Preamble: In general it's a big no-no, but believe me that are rare cases when space is really needed. For example Express Edition is limited to 10GB. Imagine that you discovered that with a data type conversion (a blob column) you can free up significant amount of space. But after that the DB file still has the same size as we know, and the 10GB limit also didn't change magically. So some kind of SHRINK is needed. That was an example.
In my test environment I performed:
DBCC SHRINKFILE (DBFile, NOTRUNCATE) DBCC SHRINKFILE (DBFile, TRUNCATEONLY)
That did the trick (I know that that minimizes the free space, in real world I would leave free space). it took many-many hours to finish. As we know it's a single threaded process Strange behaviour DBCC Shrinkfile, "it works as a series of very small system transactions so there is nothing to rollback." - Paul Randal http://www.sqlservercentral.com/Forums/Topic241295-5-1.aspx. We also know that it messes up the index fragmentation big time http://www.mssqltips.com/sqlservertip/2055/issues-with-running-dbcc-shrinkfile-on-your-sql-server-data-files/ and I can confirm that. I didn't experience log file grow though described in http://www.karaszi.com/SQLServer/info_dont_shrink.asp
I issued some
INDEX REBUILD and
REORGANIZE and those finished within seconds.
DBCC SHRINKFILE (DBFile, NOTRUNCATE)so I just need to
DBCC SHRINKFILE (DBFile, TRUNCATEONLY)? I have a feeling that the two work on different logical level but I have to ask this.
Bottom line: I promise I won't do shrink regularly or anything. But this is a situation where a cap is hit and shrink is needed.
Answer to my 2nd question: I didn't experience transaction log file growth, because I was fiddling in a developer test environment. The transaction log file would grow in a production environment (assuming Full Recovery Model). You should mimic that in your testing environment too. The tr log file growth is actually bigger than the space you can free up inside the database file. In the end you not only want to shrink the database file, but also the transaction log (how and when to do that depends on the recovery model). Production environments I saw had so screwed up index fragmentation that it can be just better. My script reindexes every index which fragmentation level is above 30%.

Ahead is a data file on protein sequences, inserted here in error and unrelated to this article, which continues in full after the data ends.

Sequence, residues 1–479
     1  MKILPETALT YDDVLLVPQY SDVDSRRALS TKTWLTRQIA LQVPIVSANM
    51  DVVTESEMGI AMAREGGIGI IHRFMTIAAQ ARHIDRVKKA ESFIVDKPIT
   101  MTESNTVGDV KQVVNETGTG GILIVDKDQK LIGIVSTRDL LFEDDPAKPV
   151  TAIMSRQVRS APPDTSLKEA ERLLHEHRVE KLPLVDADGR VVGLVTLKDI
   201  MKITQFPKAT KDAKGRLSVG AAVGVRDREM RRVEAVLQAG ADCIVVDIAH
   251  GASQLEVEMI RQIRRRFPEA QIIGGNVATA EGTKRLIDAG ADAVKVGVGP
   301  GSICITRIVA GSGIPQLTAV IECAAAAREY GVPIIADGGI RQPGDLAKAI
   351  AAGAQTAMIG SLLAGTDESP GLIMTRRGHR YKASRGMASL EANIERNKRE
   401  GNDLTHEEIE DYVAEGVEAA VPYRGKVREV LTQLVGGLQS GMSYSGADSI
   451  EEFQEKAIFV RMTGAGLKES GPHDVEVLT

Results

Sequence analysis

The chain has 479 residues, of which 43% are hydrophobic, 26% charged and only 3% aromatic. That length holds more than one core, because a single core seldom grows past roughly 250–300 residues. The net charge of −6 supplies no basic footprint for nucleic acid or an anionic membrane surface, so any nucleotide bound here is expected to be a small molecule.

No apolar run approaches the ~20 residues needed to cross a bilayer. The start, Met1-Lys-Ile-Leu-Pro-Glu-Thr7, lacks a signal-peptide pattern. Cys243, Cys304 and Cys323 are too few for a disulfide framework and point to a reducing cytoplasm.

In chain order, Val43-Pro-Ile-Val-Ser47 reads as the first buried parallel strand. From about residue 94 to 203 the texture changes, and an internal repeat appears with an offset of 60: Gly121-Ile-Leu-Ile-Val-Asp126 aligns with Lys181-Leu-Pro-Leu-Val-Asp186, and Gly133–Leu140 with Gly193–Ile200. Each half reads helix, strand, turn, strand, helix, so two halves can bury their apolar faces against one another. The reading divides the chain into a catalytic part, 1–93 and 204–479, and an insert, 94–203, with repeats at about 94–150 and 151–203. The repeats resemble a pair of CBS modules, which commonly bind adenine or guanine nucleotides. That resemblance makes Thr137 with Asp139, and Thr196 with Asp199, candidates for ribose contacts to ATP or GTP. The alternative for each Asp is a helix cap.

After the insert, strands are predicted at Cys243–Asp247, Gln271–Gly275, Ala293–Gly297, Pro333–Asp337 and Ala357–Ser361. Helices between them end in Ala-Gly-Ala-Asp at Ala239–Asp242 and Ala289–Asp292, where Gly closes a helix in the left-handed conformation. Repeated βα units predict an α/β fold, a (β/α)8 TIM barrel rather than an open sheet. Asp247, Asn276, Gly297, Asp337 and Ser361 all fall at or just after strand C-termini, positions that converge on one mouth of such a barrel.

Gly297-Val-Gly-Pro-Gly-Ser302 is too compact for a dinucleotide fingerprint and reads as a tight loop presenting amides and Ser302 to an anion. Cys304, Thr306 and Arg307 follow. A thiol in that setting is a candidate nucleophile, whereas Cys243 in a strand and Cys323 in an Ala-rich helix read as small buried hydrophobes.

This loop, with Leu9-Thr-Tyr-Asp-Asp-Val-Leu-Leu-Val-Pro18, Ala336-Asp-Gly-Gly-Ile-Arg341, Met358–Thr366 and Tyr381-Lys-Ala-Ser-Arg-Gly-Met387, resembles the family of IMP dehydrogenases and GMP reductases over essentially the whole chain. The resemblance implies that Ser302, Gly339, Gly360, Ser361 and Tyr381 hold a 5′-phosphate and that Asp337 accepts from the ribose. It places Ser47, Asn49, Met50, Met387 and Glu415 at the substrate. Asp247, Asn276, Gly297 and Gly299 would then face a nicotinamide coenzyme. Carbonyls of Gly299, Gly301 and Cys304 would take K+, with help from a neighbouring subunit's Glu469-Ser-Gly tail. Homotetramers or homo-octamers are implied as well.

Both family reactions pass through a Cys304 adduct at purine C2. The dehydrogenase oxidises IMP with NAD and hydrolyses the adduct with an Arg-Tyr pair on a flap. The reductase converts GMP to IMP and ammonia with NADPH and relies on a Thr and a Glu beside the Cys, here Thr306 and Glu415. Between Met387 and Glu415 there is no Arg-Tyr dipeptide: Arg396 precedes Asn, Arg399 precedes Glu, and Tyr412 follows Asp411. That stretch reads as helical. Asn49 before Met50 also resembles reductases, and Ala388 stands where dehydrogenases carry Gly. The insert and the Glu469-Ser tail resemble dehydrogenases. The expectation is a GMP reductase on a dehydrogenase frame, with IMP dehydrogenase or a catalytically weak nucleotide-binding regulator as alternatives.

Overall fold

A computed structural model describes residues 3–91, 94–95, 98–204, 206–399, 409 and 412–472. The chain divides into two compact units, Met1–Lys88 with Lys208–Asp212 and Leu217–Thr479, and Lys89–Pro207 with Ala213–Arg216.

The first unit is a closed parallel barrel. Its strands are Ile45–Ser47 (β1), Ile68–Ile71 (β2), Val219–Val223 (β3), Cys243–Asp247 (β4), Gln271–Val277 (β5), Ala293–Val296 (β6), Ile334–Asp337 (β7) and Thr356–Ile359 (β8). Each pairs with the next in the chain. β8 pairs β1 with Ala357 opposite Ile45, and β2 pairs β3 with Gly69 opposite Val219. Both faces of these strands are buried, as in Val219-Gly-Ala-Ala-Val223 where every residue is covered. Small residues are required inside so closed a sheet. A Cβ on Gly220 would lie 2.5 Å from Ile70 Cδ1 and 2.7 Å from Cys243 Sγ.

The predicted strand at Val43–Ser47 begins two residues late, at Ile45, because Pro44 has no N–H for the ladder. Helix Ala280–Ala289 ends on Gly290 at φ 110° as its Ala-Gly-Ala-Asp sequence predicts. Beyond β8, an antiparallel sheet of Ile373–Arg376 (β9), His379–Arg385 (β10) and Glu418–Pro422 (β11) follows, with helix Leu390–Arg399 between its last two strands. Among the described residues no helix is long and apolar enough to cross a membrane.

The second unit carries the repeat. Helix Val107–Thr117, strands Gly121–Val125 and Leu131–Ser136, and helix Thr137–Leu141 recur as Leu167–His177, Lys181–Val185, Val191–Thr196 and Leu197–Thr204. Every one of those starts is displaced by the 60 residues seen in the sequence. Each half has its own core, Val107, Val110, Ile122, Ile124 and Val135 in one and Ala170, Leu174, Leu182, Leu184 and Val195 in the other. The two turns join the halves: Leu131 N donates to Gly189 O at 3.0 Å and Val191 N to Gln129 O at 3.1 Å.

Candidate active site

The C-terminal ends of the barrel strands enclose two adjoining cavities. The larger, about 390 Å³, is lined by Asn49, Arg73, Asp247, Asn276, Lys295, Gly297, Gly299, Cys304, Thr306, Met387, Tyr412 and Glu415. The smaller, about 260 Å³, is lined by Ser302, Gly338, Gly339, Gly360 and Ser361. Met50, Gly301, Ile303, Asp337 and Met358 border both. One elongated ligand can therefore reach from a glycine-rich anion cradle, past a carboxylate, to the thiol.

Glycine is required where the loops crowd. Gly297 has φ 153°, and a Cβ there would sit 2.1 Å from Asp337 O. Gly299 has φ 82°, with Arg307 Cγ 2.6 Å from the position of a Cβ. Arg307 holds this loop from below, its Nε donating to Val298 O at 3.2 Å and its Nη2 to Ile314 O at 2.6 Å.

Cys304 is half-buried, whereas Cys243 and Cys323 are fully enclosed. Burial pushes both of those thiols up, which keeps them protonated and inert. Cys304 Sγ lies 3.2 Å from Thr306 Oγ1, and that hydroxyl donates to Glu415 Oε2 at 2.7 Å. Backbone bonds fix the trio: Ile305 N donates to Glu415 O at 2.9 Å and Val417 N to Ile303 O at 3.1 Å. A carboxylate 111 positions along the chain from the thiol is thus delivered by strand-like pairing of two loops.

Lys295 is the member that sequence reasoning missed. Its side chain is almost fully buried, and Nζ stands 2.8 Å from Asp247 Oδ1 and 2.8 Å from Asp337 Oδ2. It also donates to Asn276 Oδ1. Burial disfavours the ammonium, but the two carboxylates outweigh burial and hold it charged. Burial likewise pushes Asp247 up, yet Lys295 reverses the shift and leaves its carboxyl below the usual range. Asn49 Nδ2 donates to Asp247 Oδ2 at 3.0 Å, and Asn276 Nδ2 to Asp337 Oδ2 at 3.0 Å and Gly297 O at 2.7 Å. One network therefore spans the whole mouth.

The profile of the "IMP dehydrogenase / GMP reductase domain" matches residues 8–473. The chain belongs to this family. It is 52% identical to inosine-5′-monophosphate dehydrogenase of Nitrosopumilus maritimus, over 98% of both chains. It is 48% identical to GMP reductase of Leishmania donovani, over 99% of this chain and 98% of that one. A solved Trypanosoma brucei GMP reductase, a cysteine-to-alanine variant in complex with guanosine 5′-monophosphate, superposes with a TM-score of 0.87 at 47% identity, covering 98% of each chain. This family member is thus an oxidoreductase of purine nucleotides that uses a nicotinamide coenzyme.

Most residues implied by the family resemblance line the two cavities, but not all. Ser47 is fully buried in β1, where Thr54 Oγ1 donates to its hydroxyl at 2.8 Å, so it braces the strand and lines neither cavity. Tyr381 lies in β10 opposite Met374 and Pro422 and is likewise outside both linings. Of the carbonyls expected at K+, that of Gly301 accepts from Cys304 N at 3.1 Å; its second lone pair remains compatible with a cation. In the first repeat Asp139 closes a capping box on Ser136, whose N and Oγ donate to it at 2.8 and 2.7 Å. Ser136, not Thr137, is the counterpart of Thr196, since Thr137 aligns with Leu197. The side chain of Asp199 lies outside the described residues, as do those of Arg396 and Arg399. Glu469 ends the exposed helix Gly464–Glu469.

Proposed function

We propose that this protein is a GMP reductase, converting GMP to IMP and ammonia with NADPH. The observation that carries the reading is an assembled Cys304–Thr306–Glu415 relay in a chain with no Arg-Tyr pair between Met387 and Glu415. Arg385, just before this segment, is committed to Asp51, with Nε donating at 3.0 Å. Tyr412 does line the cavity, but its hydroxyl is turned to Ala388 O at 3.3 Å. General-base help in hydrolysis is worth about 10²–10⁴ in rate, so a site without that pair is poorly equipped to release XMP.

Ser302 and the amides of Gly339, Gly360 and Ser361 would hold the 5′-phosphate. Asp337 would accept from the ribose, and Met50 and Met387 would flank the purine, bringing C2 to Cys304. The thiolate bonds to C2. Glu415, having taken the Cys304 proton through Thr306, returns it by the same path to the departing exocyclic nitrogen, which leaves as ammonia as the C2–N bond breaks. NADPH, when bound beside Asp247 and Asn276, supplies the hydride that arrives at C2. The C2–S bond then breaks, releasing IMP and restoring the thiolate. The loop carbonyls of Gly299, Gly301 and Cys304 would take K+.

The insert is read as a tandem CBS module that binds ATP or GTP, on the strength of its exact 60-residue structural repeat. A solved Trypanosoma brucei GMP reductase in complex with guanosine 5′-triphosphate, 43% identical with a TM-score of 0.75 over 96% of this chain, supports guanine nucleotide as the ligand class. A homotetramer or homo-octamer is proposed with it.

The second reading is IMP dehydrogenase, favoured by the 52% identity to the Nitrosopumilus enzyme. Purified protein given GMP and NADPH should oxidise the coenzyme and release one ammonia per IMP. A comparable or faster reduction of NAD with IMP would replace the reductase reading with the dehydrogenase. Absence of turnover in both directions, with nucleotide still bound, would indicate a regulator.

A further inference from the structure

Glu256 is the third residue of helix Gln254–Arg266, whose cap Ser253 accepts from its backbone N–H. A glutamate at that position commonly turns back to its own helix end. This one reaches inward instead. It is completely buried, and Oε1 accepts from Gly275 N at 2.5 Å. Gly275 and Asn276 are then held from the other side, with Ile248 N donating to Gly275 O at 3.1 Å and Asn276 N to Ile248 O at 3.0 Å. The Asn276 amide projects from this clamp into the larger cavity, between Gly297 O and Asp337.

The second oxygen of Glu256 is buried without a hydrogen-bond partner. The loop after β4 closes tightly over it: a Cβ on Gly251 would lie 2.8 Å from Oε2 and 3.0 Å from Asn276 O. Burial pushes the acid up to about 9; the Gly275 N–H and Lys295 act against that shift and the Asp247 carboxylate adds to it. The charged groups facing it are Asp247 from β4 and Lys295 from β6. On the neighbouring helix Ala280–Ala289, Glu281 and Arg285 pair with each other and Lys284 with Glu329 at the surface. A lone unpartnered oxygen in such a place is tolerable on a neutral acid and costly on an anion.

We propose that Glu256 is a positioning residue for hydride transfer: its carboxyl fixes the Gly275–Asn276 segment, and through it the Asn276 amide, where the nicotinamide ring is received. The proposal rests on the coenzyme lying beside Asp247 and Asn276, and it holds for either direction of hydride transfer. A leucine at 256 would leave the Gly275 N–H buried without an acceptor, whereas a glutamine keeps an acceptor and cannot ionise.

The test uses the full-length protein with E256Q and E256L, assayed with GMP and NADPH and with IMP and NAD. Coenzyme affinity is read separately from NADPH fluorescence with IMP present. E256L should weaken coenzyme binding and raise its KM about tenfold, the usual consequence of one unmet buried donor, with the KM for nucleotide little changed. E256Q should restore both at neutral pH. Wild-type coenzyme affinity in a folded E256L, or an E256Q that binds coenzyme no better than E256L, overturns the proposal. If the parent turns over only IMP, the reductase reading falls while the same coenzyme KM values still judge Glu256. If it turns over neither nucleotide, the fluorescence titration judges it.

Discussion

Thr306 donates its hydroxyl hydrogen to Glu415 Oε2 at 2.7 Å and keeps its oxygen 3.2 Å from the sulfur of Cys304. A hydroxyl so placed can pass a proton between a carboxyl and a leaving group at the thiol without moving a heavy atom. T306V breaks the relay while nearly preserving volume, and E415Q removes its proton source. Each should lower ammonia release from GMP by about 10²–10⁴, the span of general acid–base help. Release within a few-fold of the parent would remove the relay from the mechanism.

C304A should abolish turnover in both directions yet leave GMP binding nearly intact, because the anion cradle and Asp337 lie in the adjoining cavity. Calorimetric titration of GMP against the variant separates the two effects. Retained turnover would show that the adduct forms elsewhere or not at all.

To handle the growth, you may have to switch from full recovery to simple while you are doing the once-in-a-lifetime conversion. But that will break the backup chain.
Answer to my 3rd question: do the reindex/index rebuild after the DB file shrink, because the shrink messes up index fragmentation.
I haven't experimented how all of this affects query statistics.
Script for reindexing: see Example D of TechNet sys.dm_db_index_physical_stats (Transact-SQL). An article on incremental shrink, which will lead to other valuable content: http://www.mssqltips.com/sqlservertip/3178/incrementally-shrinking-a-large-sql-server-data-file-using-powershell
If you want to:
Go ahead. Since you say you will only be doing this in rare scenarios, I'm not sure what answer you're looking for here. Do you want a big thumbs-up that you can ignore everything you've read about it and roll the dice?
I will suggest at least one thing: hitting the 10GB limit in Express is going to happen if you have 10GB of data. You avoid that by removing data in the data file (or spreading your data across multiple databases). If you free up a bunch of space inside the data file, that space will be re-used (if you dropped a table, this will be automatic; if you deleted rows or changed column structure, you will need to rebuild - which will also take some space at least temporarily). So if you free up 5GB of data in the file, just because the file is 9GB does not mean that it will try to become 11GB if you add 2GB - it will reuse space inside the file until it can't find any more. It will be a much more expensive operation to shrink the file to 4GB, then force it to grow to accommodate the new data. This is like washing an already clean towel that you're about to use to wipe up a mess...